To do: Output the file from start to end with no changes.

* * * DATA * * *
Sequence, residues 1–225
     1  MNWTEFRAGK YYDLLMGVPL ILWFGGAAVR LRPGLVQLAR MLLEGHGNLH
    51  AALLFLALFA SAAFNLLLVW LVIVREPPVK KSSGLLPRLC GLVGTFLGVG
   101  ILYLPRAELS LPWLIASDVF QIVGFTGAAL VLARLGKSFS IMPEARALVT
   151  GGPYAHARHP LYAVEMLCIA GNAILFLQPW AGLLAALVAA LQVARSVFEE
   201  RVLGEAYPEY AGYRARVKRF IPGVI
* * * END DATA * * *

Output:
Sequence, residues 1–225
     1  MNWTEFRAGK YYDLLMGVPL ILWFGGAAVR LRPGLVQLAR MLLEGHGNLH
    51  AALLFLALFA SAAFNLLLVW LVIVREPPVK KSSGLLPRLC GLVGTFLGVG
   101  ILYLPRAELS LPWLIASDVF QIVGFTGAAL VLARLGKSFS IMPEARALVT
   151  GGPYAHARHP LYAVEMLCIA GNAILFLQPW AGLLAALVAA LQVARSVFEE
   201  RVLGEAYPEY AGYRARVKRF IPGVI